Daily Denmark – (Quirky) House and Gardens

One of the great things about cycling around these parts is the chance to spot some strange houses that you normally miss when you’re whizzing by in a car. I’ve often noticed this particular house but never before got up close enough (or slowed down enough) to have a decent look. From the side, you can see that it’s an artist’s atelier. Fantastic, huge windows, three floors high.

From the front of the house, it’s more like a little church. Or perhaps the perfect setting for a gothic horror film? Thank goodness I cycled by at 8.30am – a bright summer Copenhagen morning – or else I would have had a serious case of the heebie jeebies! πŸ˜‰

After a spot of intensive googling I managed to find out that this was the former home of Axel Poulsen, a Danish sculptor. (There are lots of fantastic pictures taken inside the house and garden in this photo archive.) He died in 1971 but the new owners of the house have kept a lot of things as they were…including the statue on the front pavement. Clutching each other, shying away from the bemused glances of passers-by? πŸ™‚

When I got back home (puff, puff, pant, pant) I remembered that our own house (built in 1933) has some pretty quirky exterior details of its own. Sadly our gargoyle doesn’t spit out water anymore – hmmm, maybe a future project? πŸ˜‰

I l-o-v-e this giant cactus-shaped planter. It weighs a ton, so we only move it around every couple of years… It was probably purchased when the original garden was landscaped.

And – the absolute favourite of every child who comes to our house – this little (copper-plated) door at shoulder height in the side wall of the house. Complete with ornate knocker and the name of the original owner of the house.From the days when milk and bread were delivered on a daily basis, probably back in the 1930s. These days the door is boarded up and there’s actually a wall behind it. But we’ll never get rid of the little copper door. We like quirky! πŸ˜‰

Have a wonderful Wednesday! πŸ™‚

6 thoughts on “Daily Denmark – (Quirky) House and Gardens”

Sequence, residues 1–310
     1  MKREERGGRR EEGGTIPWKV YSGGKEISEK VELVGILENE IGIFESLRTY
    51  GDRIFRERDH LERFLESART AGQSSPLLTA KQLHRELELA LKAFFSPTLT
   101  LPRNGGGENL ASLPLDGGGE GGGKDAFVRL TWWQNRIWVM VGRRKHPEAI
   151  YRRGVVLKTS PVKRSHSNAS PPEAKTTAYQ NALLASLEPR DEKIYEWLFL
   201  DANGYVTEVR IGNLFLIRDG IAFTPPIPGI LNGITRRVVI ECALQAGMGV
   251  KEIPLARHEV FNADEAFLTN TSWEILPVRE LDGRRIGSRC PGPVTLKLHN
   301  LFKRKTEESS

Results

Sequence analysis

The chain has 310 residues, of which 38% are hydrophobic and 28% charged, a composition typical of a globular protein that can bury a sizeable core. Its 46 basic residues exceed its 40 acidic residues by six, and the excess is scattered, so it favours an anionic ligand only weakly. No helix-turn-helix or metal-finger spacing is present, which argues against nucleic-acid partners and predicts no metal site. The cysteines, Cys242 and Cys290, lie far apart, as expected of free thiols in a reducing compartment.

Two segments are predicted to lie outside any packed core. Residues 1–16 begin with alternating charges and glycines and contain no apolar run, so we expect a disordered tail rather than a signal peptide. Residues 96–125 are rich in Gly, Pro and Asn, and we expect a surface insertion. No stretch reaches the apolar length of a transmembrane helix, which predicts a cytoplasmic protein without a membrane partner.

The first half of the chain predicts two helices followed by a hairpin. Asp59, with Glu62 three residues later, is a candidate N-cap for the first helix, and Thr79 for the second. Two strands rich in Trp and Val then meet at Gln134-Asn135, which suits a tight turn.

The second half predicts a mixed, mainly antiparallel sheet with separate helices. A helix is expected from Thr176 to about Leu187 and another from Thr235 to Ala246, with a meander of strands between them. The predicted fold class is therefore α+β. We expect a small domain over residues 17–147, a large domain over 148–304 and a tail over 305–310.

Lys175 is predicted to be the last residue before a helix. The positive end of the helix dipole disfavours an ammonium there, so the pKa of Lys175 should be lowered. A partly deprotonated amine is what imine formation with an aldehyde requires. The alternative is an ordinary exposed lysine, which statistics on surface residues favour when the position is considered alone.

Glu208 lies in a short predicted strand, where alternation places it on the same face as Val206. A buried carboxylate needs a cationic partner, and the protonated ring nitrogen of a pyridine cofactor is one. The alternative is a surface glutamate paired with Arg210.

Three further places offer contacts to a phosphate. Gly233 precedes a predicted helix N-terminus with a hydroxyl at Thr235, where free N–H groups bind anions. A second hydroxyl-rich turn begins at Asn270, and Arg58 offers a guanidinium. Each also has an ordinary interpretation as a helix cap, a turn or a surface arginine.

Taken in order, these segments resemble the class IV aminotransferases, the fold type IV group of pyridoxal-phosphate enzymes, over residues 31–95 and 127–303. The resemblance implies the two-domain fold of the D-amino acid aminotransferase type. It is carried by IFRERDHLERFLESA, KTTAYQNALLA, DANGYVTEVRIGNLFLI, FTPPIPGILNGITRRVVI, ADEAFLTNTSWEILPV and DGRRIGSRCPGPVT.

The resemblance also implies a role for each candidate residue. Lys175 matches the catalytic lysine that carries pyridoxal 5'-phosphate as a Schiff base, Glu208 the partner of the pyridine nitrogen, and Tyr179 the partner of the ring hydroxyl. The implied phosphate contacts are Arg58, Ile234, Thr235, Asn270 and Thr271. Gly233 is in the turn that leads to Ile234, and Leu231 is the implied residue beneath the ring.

1. That is SO NEAT! I want a little door!!

    Our house was built in 1880– we've found the old well (we think), and a WHOLE BUNCH of coal buried in the dirt in the basement (it's unfinished). It comes in handy at Christmastime!! (In case that doesn't translate well, American custom says that Santa brings coal to naughty children, but since no one has a coal furnace anymore, it's hard to come by.)

  2. I'm so giddy that you did this post being a huge fan of history and architecture. Ohh and I forgot quirky, I love quirky! That house is fantastic! It probably looks wonderful light up during the night, creepiness aside.

    Your garden features are perfectly quirky! As is the doggy, I mean delivery door;)

    I live in a mining "town" that did not exist until the mid 50's. In fact the first house was built in the fall of 1958 so there are NO lovely building details worth highlighting:(

  3. You MUST fix the gargoyle! How cool would that be? And cut a hole through the wall behind the little door. How awesome is that???? Explain that to the delivery men who come with packages when you're not home. HA!

  4. What a great little door! Very Alice In Wonderlandish! πŸ™‚ I agree that you see SO MUCH MORE on a bike. We have BRAG (Bicycle Ride Across Georgia) each summer and I've made the trek across the state three times. Can't wait to do it again!

  5. Glad you all enjoyed the post! Would indeed be grand to get the gargoyle going again…but I fear it would cost many, many Danish crowns! ;D

  6. I love the new look of your blog! My house was built in 1927. The only quirky thing I have in my house resides in the basement. An extra door. I told my nieces and nephews it was a magic door that opened into another dimension. Scared them sufficiently to never open the door! I can only guess at one time there was a wall that made what is now my "wine cellar" into a small room.

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